Joe Fereira grew up ranching in the open grasslands of California’s Alameda County but today he is alarmed by encroaching urban development.
“Yes, I am concerned,” he said. “The property to the west of us was recently built on. This took away some grazing acreage from our operation."
Previously, he added, a large development was built at the base of the property, which changed the ranch's easement and greatly decreased the open land in the area.
"The property that we graze is bordered by urban development," he said. "This has created issues in the past with people from different backgrounds that do not understand aspects of ranching and running cattle.”
His operation includes family members in all aspects of the ranch. All of his sons were raised with the ranch and cattle as large part of their life. Fereira said he believes that raising them in this environment has taught strong work ethics and responsibility.
In spite of the day-to-day glitches of running Angus/Hereford cross cattle, he said there is room for more cattle ranchers.
“In short, yes, I would encourage anyone that has the opportunity and ambition to begin a career in cattle,” he said, although the location is important.
“In the Bay Area, a career in cattle can be very difficult," he said. "Although we have some of the best grazing land in the state, there is a lot of development, which makes the land very expensive. I own and operate a produce processing business that has supported my family for the last 40 years. I run cattle because I thoroughly enjoy it and has been a part of my family for now five generations. As a landowner I also have an obligation to maintain that land and that is where the cattle come into play.”
Fereira said the cattle industry has changed over the last five years.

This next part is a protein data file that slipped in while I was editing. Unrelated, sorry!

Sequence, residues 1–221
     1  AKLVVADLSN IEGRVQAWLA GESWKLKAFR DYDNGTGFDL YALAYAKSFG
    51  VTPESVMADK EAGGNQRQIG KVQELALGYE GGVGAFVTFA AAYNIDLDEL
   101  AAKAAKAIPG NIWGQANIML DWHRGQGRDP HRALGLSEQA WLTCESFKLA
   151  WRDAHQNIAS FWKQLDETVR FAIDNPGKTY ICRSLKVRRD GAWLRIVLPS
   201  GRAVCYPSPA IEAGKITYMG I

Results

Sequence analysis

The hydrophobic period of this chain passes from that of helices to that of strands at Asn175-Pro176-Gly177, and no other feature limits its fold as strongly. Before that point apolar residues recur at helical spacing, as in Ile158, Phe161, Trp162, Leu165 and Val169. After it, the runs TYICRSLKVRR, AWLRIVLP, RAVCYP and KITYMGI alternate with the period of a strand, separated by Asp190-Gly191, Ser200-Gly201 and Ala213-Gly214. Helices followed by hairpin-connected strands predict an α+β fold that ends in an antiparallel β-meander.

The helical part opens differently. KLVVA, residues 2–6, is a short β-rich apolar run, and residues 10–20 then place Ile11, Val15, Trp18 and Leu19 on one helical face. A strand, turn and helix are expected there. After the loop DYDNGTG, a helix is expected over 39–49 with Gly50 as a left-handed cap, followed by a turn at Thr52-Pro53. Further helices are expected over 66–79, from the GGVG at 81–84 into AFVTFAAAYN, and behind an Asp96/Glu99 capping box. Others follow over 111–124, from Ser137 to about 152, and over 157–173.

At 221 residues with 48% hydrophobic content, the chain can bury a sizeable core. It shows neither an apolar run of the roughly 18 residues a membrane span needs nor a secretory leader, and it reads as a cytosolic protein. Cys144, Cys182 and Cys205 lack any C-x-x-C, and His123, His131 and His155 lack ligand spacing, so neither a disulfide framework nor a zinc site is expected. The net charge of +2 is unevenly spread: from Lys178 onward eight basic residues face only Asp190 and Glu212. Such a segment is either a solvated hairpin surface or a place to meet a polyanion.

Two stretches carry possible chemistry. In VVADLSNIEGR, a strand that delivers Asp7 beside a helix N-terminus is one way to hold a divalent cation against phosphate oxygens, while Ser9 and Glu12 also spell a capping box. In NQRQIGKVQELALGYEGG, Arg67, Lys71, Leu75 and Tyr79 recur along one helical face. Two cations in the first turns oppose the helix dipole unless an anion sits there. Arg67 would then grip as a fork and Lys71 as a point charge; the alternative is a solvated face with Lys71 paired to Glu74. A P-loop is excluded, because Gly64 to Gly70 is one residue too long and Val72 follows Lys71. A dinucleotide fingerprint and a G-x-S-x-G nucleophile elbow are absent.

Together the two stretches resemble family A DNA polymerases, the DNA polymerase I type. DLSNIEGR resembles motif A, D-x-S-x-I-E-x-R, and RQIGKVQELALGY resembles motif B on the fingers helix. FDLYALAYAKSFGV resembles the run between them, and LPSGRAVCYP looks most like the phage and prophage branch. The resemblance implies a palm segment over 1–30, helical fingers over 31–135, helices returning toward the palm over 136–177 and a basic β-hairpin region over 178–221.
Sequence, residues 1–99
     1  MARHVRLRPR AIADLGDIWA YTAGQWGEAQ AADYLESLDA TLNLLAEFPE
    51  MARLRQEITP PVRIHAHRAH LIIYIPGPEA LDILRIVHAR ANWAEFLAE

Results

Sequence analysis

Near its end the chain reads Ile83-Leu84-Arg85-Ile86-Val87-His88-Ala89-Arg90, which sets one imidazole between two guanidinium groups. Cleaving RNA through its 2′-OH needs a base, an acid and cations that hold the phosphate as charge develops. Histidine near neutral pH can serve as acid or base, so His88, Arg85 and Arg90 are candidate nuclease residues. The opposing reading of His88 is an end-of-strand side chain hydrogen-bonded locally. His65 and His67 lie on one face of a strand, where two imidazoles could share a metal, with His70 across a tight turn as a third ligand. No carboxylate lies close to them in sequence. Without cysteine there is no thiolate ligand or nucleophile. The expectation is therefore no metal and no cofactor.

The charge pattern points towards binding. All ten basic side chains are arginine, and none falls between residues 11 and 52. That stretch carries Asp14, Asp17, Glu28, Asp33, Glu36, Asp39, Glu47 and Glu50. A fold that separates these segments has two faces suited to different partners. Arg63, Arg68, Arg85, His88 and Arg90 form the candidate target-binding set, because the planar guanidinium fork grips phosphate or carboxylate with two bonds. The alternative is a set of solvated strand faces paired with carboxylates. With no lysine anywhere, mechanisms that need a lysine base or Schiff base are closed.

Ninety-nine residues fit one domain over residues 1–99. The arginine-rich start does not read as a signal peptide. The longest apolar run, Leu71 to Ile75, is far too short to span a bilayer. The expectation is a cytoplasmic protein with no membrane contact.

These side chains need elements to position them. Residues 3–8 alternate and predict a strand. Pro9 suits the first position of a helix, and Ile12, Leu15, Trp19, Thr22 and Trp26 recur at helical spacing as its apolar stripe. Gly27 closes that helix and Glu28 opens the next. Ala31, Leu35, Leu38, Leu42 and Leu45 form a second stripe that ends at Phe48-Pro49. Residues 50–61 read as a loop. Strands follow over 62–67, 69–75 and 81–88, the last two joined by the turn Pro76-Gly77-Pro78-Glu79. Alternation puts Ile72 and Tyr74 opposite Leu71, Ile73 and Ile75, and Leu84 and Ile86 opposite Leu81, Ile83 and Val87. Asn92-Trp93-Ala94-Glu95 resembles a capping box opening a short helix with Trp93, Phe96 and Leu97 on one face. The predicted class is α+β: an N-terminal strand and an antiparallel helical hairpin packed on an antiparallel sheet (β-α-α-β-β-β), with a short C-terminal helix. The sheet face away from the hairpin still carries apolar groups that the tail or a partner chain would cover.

“The public perception of the livestock industry can really affect the industry as a whole, which can be argued either way whether it is better or worse than five years ago,” he said. “In recent years I have witnessed first hand the older generation of ranchers and farmers starting to phase out. This is where we as an industry need to educate and push the younger generation to carry on ranching to maintain the industry."
With the median age of farmers and ranchers around 58 years old, the oncoming years are going to be a transitional stage where the younger generation will play a big part in the health of the livestock industry, he said.
Urban encroachment is foremost on his list of challenges facing California’s cattle industry.
“Throughout my lifetime I have watched as Niles and the surrounding area turned from mostly farmland and open space to a large city of well over 200,000 people,” Fereira said. “With more demand for development, the land prices increase, making it difficult for ranchers to maintain leases and the land as open space. The higher prices also encourage the younger generations and even the older generations to sell out to these developers. This and the ever increasing laws and restrictions on Californians has and will further hinder the California cattle industry.”